Monday, 23 February 2009
A Writer's Bestfriend
Instead of the pink light inside my house that filters through my curtains, it's the blossoms of Japanese magnolias I see -- a first sign of spring -- every morning. I didn't realize what little time I spent outdoors until I got Em. Now, it's at least an hour, often more, that I am truly present in the world (when not telling Em "No" as she sniffs some unpleasant object, poised to dine on it.) I wonder how people can have dogs in big cities paved with cement when I delight in seeing Em's nose half buried in dirt.
Now that I have a dog, it seems that everyone does. I'm also learning dog introduction etiquette (which is that I learn the dog's name but not the owner's) and still get embarrassed when Em uses the front yard of a fancy mansion to relieve herself. Even still, with her in my life, I am in good company. I Google my favorite writers and I've found that dogs are common companions in this field. In fact, Em was a rescue from a group named for Willie Morris's beloved canine Pete.
Then there is the famous Faulkner portrait by Henri Cartier-Bresson with Faulkner looking out in repose with his animated "fyce" or rat terriers . Faulkner had this to say about dog ownership: "Every boy should have a dog. He should be ashamed not to own a dog, and so should everybody else who didn't own a dog." Over at The Valve, they've posted a link to pictures of esteemed writers and their dogs. There's Amy Hempill (Wanita), Donna Tartt (Pongo), and Robert Penn Warren (Frodo). The number of southern writers with dogs outnumbers the others, which is interesting considering that the post was on the New York Social Diary.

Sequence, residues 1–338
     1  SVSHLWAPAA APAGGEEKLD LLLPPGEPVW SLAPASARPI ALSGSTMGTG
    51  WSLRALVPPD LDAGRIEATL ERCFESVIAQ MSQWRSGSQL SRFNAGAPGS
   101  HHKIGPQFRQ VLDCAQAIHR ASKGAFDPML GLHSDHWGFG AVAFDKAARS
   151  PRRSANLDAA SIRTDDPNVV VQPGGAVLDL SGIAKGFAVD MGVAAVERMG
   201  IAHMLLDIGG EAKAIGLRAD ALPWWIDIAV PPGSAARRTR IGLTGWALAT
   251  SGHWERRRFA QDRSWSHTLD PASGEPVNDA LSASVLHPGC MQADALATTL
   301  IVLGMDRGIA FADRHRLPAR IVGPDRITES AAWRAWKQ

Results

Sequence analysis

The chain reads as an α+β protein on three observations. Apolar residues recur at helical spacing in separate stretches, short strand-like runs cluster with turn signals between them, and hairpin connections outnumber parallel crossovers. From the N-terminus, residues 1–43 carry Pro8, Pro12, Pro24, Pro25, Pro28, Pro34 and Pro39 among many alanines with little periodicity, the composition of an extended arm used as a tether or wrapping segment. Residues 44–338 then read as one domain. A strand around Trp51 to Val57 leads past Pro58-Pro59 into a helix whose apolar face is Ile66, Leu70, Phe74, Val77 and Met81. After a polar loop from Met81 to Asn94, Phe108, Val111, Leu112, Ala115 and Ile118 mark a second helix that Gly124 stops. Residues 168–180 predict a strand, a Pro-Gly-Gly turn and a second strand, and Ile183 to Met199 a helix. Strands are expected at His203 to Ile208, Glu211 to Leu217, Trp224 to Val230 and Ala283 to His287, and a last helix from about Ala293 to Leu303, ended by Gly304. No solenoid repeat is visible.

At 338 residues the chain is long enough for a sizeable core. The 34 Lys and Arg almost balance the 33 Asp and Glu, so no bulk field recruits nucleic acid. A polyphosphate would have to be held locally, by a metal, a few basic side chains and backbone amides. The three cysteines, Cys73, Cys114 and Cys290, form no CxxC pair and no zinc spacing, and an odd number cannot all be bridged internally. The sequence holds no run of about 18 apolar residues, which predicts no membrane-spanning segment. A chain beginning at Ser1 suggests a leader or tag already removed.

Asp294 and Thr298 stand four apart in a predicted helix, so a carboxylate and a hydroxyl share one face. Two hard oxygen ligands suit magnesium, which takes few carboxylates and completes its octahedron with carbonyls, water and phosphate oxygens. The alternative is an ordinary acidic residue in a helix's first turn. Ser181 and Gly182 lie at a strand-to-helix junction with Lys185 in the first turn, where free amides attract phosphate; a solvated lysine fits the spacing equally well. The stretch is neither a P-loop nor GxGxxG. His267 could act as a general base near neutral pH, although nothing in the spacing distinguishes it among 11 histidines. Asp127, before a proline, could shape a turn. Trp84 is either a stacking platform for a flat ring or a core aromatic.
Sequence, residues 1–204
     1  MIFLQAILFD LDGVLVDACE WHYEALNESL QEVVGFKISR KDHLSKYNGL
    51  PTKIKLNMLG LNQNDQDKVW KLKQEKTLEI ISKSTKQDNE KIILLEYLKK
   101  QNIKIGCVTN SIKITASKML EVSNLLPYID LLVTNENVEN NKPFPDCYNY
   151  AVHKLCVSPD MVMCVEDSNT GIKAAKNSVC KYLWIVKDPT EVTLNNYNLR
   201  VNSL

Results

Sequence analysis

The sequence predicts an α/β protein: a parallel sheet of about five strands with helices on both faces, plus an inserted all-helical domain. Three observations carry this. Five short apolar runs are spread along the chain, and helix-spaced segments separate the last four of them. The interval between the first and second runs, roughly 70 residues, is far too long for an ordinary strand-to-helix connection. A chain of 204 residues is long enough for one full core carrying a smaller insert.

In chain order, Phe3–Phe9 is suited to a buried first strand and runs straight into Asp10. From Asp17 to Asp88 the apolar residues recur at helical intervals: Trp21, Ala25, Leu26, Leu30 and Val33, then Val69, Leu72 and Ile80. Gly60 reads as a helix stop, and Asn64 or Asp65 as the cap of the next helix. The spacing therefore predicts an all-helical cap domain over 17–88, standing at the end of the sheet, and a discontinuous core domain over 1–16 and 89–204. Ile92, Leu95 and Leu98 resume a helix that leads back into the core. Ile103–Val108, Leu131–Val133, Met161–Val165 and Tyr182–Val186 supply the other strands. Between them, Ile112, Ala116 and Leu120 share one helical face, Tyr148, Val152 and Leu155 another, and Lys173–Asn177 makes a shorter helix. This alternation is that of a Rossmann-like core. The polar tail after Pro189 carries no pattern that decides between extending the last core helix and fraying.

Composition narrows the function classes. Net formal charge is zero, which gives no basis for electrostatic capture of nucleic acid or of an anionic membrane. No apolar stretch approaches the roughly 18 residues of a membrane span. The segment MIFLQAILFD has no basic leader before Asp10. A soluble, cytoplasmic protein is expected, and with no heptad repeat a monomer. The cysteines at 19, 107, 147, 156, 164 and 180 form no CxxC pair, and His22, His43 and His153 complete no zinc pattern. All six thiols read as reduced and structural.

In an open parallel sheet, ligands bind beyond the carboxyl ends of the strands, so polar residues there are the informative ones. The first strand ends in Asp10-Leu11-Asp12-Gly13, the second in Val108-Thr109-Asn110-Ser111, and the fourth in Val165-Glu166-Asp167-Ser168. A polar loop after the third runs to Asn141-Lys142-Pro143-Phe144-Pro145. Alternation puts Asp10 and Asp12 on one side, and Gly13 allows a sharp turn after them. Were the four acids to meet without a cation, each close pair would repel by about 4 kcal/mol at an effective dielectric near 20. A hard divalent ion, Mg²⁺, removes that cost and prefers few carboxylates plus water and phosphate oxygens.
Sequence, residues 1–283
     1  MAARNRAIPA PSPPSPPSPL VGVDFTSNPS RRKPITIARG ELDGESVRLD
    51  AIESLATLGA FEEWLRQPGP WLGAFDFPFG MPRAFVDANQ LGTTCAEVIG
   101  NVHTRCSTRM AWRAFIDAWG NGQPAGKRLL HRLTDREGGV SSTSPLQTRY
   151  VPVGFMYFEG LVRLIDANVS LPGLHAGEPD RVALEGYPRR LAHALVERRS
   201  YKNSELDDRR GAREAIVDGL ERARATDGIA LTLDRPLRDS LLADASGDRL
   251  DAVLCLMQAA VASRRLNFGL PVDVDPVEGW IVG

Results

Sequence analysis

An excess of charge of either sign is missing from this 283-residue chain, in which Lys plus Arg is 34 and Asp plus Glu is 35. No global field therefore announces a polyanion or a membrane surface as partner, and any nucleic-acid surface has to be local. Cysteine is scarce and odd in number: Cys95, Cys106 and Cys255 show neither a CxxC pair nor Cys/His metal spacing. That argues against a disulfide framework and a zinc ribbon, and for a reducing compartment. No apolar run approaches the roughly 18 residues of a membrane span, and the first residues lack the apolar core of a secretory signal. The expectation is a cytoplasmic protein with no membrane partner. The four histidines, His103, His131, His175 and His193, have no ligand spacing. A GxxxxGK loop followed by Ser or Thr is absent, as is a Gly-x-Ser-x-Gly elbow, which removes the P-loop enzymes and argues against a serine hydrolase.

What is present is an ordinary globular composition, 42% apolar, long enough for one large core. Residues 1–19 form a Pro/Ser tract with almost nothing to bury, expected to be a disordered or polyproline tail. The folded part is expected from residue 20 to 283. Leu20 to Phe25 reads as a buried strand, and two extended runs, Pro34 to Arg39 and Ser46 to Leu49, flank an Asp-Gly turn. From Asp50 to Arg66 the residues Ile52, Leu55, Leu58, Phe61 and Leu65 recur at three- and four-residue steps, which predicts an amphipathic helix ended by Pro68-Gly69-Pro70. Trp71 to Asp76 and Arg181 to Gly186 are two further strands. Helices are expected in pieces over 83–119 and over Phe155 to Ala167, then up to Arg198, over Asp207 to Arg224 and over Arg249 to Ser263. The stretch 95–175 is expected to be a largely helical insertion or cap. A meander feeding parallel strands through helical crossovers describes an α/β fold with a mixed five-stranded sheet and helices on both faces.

I can understand the way in which a dog fits into a writer's life, especially in the South where being outside is a way of life most months out of the year. Contemplation is the writer's best friend, too, and walking a dog provides an instant scenario in which to follow your instinct.